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Title: New approaches to elemental speciation
Author: Sulaiman, Azli Bin
ISNI:       0000 0001 3489 2578
Awarding Body: Loughborough University
Current Institution: Loughborough University
Date of Award: 1996
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Elemental speciation has been one of the principal growth areas in analytical atomic spectrometry. This reflects the recognition that in the environmental and biological sciences, the transport, pool dynamics and toxicology of the elements are dependent on their chemical speciation. Significant progress has been made in elemental speciation by the direct coupling of separation techniques, notably the various forms of chromatography, to powerful elemental detectors such as ICP-MS. However, the strength of such hyphenated techniques, that they provide almost unambiguous identification of elemental associations, is often achieved at the expense of losing information about the ligands that are responsible for the speciation. The challenge must be to bring the two approaches to bear simultaneously so that quantitative and qualitative information on both the inorganic and organic components can be obtained simultaneously. Capillary electrophoresis (CE) has developed into one of the most powerful separation techniques offering rapid separations with high resolution. However, these advantages are offset by low sensitivity which is a consequence of the very small (nl) samples that the technique can handle. These problems can be overcome by using high sensitivity detectors and hence the interest in coupling CE to .ICP-MS. Coupling of CE to ICP-MS (CE-ICP-MS) has, therefore, the potential to provide rapid and quantitative elemental speciation information that is complementary to that provided by other techniques. This thesis describes an interface for coupling CE to ICP-MS and its applications to some common metal species. A particular interest in this work has been to investigate the potential of CE for studying metal complexes with humic and fulvic acids. A technique that offers potential for determining both free element and complexed forms, without prior separation IS electrospray/ion spray ionisation-mass spectrometry. Preliminary work is presented that investigates the applications of electrospray/ion spray ionisation-mass spectrometry to some common metal-ligand systems.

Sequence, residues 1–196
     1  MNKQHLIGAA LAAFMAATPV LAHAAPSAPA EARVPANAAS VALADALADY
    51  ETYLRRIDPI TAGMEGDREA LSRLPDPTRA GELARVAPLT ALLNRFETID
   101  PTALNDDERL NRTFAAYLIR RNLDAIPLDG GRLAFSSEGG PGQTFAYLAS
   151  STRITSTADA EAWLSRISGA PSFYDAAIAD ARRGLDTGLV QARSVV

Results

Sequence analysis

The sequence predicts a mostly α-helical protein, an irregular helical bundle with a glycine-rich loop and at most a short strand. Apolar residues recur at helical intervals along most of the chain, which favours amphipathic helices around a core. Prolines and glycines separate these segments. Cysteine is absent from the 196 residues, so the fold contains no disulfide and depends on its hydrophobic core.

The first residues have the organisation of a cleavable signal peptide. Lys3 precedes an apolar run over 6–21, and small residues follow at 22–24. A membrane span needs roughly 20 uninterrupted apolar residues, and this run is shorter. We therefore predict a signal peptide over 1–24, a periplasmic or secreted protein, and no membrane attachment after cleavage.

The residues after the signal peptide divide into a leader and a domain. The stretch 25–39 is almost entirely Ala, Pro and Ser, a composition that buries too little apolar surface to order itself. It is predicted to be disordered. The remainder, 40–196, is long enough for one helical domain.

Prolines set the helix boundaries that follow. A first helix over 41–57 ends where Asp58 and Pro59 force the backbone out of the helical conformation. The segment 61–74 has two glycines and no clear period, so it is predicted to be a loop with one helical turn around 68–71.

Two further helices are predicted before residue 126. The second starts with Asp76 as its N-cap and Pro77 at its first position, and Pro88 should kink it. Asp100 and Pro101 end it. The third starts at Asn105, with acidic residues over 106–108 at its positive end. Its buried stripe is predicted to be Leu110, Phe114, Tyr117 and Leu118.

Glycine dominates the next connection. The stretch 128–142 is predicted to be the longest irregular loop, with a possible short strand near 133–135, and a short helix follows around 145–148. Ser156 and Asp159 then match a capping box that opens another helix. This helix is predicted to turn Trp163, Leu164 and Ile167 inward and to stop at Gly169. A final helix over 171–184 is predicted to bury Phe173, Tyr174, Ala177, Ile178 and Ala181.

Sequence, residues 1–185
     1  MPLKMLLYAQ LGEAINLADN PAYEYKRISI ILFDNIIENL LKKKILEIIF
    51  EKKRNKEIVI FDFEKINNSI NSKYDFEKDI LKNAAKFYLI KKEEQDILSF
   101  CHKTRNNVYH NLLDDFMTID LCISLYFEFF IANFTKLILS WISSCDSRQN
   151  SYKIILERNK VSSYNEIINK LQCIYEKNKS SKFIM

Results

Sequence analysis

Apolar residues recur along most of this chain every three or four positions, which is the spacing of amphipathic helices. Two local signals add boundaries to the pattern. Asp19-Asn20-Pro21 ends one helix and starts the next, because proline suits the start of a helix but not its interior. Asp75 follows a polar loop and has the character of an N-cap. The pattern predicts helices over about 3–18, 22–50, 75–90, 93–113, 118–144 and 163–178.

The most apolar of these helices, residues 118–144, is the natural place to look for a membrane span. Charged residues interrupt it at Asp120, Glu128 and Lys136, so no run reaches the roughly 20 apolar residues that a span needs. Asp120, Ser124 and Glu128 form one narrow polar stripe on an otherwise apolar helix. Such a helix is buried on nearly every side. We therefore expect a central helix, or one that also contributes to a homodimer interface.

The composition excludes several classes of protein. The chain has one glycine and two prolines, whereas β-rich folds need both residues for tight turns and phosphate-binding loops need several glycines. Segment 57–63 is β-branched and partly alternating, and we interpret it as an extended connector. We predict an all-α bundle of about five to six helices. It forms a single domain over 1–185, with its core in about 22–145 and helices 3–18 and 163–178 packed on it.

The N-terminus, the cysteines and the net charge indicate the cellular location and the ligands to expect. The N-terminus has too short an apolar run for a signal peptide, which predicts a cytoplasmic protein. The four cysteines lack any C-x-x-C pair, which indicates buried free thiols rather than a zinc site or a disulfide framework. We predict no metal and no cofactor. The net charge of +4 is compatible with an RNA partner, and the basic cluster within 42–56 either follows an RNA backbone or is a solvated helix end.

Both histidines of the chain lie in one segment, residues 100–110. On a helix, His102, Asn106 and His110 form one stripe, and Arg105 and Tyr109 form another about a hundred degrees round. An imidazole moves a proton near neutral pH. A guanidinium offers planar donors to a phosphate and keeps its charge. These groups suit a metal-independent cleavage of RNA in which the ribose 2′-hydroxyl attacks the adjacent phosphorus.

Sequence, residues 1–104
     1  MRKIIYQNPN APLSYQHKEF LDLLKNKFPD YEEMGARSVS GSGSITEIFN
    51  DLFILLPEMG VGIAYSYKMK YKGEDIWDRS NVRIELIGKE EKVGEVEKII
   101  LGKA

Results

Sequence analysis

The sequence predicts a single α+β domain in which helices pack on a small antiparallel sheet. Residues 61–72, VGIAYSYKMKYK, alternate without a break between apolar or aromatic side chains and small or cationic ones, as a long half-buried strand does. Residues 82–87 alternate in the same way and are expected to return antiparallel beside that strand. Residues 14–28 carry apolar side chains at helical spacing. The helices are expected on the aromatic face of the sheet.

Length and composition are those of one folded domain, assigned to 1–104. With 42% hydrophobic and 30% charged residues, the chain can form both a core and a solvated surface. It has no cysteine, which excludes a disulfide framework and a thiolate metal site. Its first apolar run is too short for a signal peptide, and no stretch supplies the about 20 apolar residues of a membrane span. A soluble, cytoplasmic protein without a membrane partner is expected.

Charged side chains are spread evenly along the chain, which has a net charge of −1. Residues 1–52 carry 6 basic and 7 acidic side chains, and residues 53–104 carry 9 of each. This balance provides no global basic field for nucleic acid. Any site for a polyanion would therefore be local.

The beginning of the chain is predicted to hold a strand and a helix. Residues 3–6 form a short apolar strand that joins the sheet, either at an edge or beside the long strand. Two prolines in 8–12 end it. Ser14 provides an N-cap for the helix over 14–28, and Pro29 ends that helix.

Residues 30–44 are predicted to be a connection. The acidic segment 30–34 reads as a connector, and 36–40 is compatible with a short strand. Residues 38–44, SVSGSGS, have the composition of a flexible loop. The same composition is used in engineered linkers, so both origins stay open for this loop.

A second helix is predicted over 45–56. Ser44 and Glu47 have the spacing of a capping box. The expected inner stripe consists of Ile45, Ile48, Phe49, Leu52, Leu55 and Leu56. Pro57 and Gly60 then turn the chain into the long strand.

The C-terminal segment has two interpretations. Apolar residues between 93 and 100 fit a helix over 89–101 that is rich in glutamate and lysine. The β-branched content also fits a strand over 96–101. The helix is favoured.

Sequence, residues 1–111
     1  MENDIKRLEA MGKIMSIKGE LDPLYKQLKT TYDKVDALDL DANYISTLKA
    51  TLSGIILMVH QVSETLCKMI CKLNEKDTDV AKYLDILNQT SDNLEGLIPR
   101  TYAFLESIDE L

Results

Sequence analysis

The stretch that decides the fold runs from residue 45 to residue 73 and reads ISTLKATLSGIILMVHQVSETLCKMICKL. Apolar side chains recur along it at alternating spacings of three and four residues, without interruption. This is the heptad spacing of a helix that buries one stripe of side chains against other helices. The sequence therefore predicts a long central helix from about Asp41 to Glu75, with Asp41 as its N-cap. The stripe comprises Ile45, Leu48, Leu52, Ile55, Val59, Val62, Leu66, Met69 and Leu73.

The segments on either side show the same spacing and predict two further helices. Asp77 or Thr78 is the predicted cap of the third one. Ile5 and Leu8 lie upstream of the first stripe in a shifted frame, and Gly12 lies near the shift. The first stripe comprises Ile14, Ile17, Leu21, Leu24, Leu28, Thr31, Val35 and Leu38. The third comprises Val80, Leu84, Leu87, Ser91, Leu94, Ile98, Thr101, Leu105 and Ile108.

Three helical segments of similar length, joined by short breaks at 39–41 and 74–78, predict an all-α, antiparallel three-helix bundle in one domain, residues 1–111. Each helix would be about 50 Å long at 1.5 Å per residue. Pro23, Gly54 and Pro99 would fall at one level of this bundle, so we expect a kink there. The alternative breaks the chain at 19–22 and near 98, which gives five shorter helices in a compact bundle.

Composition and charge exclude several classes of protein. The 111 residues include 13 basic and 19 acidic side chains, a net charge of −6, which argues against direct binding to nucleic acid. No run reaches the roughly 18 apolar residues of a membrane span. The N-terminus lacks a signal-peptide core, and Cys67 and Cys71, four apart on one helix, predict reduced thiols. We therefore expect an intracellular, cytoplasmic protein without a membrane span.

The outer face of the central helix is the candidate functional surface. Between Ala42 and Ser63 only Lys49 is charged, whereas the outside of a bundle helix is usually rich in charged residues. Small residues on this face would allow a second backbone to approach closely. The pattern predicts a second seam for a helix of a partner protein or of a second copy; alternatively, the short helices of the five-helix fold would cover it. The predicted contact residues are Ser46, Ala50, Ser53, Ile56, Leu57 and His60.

Supervisor: Not available Sponsor: Not available
Qualification Name: Thesis (Ph.D.) Qualification Level: Doctoral
EThOS ID:  DOI: Not available
Keywords: Capillary elecrophoresis; Atomic spectrometry